By contrast, Louisa is presented as "short and plump and plain," a young woman who perhaps fits in better with the coal miners of the community, slightly more ordinary than her tall and statuesque sister (160). As a result of her sister's marriage to Mr. Massy we are presented with the traditional younger daughter determination to marry for love - "I will love the man I marry - that is all I care about" (156). Yet even still, this cannot be allowed to go in the traditional way, where the young woman finds the perfect man to love her and who is good for the family. "Make It New," Ezra Pound demands, and new it therefore must be!Instead of the young lord/vicar/educated next door neighbour, Louisa finds herself pining for the son of a tailor, a boy who questions his own masculinity despite his discharge from Her Majesty's Royal Navy, and of course, a collier. Yet love is Louisa's directive and love she shall have. To marry her young Alfred Durant, Louisa must make sacrifices, the first of which being that her father cannot even read the banns to the parish - her wedding must be announced at the registrar. It is an embarrassment for Mr. Lindley, who says, "I have my position to maintain, and a position which may not be taken lightly" (184). To that end, love forces Louisa to not only be married outside of her family's domain with little celebration or even acknowledgement, but then is requested to leave the vicinity so as not "think of herself" but to "love [her] parents and … want to spare them as much of the - the loss of prestige as possible" (185).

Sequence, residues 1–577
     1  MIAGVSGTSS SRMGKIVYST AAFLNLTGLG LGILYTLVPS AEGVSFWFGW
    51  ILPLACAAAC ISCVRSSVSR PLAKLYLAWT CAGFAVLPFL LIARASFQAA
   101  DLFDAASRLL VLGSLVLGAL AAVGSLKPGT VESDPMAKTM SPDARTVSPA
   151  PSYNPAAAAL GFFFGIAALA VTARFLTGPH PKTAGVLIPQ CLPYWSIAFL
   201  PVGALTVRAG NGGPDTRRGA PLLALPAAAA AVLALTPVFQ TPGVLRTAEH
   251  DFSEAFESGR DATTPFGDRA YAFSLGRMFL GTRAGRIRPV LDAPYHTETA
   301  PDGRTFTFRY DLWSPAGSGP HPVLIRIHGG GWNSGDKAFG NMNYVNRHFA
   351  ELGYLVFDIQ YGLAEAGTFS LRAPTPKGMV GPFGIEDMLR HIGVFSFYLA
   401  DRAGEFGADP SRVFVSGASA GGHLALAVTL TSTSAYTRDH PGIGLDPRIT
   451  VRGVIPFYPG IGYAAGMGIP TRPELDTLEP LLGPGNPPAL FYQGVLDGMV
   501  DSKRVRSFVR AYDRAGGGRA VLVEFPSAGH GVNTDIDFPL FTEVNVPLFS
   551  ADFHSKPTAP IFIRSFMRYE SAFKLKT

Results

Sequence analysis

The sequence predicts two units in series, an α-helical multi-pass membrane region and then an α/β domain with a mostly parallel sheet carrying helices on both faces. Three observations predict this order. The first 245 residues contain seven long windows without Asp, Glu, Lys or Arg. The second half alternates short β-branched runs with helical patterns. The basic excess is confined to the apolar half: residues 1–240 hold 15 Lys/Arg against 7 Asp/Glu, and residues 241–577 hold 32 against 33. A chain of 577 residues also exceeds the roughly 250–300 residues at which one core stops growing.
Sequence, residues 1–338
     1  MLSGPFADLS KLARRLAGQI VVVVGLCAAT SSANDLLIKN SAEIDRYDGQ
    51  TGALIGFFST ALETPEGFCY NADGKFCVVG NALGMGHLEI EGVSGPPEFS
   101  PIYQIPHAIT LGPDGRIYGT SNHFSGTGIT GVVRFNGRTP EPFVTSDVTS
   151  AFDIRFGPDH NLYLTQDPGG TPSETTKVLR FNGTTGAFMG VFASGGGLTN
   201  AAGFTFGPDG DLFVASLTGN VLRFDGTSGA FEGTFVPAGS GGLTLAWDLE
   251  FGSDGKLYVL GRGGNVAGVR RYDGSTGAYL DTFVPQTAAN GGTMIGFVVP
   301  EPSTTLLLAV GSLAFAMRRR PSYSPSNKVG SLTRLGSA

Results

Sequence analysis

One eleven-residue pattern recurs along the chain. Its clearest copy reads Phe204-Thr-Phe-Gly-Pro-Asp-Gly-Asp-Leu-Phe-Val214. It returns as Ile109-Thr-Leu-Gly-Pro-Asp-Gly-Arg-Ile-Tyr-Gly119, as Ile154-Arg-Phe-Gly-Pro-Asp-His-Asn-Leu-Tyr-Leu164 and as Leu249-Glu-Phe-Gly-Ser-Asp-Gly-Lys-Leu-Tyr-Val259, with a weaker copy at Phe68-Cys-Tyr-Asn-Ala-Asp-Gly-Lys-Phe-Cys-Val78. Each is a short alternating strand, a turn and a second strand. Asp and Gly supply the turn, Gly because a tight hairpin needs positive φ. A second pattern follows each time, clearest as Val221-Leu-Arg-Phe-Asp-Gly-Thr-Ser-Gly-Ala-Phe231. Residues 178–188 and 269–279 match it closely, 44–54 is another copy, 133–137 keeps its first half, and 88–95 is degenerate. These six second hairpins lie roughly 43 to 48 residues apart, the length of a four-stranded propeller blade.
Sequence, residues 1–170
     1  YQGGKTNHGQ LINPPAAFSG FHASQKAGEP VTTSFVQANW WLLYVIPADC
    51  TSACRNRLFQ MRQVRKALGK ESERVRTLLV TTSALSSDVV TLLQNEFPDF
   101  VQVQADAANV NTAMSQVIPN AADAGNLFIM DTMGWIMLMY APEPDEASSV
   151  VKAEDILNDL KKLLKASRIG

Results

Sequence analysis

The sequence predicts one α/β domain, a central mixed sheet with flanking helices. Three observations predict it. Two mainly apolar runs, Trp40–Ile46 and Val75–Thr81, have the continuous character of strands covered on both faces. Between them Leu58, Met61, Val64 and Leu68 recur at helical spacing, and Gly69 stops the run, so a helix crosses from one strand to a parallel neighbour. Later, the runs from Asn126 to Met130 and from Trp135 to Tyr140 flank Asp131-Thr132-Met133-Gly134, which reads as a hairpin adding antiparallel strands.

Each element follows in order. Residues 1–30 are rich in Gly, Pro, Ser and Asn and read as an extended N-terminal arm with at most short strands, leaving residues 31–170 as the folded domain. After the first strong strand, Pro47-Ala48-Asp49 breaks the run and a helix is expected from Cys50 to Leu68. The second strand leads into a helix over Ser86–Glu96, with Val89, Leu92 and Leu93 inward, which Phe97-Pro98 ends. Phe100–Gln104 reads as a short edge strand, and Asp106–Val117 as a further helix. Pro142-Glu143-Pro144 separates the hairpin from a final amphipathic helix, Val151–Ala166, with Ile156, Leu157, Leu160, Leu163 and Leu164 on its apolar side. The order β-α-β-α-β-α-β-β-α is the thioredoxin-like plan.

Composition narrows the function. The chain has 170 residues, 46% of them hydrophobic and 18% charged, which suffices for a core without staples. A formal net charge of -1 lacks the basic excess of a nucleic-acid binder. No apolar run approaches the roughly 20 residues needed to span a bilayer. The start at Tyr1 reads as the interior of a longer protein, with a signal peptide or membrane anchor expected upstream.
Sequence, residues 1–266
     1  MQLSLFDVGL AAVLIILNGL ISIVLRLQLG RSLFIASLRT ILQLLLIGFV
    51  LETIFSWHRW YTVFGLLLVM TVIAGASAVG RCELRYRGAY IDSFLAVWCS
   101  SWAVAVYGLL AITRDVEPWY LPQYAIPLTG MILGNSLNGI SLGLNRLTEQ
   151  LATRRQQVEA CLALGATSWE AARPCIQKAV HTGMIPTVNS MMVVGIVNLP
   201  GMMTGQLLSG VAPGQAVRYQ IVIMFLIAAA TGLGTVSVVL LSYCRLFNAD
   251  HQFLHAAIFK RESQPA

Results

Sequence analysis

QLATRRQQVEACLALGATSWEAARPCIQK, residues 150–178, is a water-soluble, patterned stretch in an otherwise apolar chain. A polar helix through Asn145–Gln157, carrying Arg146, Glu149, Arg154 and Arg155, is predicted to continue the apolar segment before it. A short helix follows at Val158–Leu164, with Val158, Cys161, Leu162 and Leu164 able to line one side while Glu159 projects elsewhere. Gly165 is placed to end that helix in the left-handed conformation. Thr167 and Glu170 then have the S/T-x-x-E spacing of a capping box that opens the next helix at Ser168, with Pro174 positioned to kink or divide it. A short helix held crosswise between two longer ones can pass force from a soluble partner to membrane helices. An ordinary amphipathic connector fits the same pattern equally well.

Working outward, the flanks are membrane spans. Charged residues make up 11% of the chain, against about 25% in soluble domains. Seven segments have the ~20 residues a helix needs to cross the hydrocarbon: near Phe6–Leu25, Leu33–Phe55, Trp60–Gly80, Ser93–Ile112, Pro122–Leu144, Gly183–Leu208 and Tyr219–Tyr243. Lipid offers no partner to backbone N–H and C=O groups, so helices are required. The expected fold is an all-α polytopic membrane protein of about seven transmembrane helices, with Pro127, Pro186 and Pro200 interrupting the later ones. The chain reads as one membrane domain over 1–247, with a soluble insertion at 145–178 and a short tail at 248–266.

Clearly, there is no winner between the sisters. Each is merely a foil for the other, a traditional character faced with the possibility of an ending unexpected, yet more true-to-life and therefore more vibrant than ever before. Within "Daughters of the Vicar" the reader is presented with the traditional made new, a traditional family, traditional choices and yet, untraditional results. Not one character is truly a hero, nor is one truly a villain but each is presented as merely a series of choices and limitations. The expectations of the reader are continuously thwarted, not just by what is expected of these usual characters but also by the feelings of these characters themselves. There is no contentment and no resolution, yet the story ends with two separate daughters choosing two separate courses in life, two traditional courses with unexpected but infinitely more lifelike results. These old worn characters are truly "new."Works CitedLawrence, D.H. "Daughters of the Vicar." Studies in Twentieth Century BritishLiterature Before 1945 Course Reader. Compiled by Mary Ann Gillies and Aurelea Mahood. Simon Fraser University, 2006. Reading 1.5. 136-186